Updated with pics The Register's epic Paper Aircraft Released Into Space (PARIS) project ended in glorious triumph this afternoon as our Spanish ground pursuit team finally discovered the landing site of Vulture One, the cutting edge stationery spacecraft piloted by our intrepid playmonaut.
Following a nail-biting few hours in which Vulture One had been feared lost with all hand after the APRS system failed to pick up any location telemetry from the plunging craft, the pursuit team decided to search back along the ground track of the PARIS main-payload mothership module, previously recovered successfully.
Soon they picked up a weak signal emitted from the systems of the downed spaceplane, but struggled to obtain an accurate fix. Tension mounted here at London control and among the mobile unit, as all were only too aware that mere hours of battery life remained - after which there would be almost no chance of a successful recovery. Our short 'naut and his famous craft would then be doomed to an Elvis- or Flying Dutchman-style future as a spurious urban legend, fated to forever fly the skies of mystery.
Following a bone-shaking drive across rugged terrain, the mobile team were forced to abandon their vehicle and plunge into a thick pine forest, the faint but gradually strengthening signals from Vulture One's transponder their only guide.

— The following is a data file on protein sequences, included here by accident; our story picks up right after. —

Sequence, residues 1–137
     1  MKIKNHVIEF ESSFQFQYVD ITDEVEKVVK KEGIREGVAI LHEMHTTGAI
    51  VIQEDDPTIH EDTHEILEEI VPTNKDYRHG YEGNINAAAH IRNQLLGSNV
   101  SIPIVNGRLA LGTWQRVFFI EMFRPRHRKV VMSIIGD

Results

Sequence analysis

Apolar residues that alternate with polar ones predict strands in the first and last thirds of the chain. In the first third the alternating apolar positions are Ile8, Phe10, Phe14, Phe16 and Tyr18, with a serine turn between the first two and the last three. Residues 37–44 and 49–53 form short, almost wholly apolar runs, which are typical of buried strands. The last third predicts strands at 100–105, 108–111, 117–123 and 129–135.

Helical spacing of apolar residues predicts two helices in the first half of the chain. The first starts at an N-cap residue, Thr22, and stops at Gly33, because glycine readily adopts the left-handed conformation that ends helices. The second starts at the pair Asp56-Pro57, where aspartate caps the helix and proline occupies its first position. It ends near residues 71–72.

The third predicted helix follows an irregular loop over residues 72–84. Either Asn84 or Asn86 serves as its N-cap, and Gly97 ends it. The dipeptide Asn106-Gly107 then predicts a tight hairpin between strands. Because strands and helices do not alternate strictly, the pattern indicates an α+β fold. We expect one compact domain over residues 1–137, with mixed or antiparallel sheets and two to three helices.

Then the great news came through at last - they had made it to the landing site and recovered the playmonaut and his craft.
Reg scribe John Oates, embedded with the mobile team, breathlessly reports that Vulture One landed "almost completely intact", having suffered only a minor "hole in one wing".
"Playmonaut safe and sound," he added, describing the mission as "appallingly successful".
The mobile and engineering teams, parched after their heroic endeavours, appear now to be hell-bent on celebrating their achievements with suitable liquid refreshment. However, they've promised that on reaching an area with good mobile data coverage they'll update this report with near-real-time imagery of events as they unfolded.
More detailed reconstruction and reports from the mission team will follow once they've recovered from their exertion. For now, this is the London tracking station signing off with congratulations to all concerned. ®
Good as our word, the recovery team has managed to get its necks out of the beer trough to post three hot-off-the-press recovery pics from our mission headquarters (Bar Tito, Navatejares, Avila).
The main payload obligingly dangled itself from a tree a short drive from San Martin de Valdeiglesias, Province of Madrid. You'd think that rescue operatives Federico Buenadicha, Steve Daniels and John Oates would look a bit happier after what was in reality quite an emotional moment: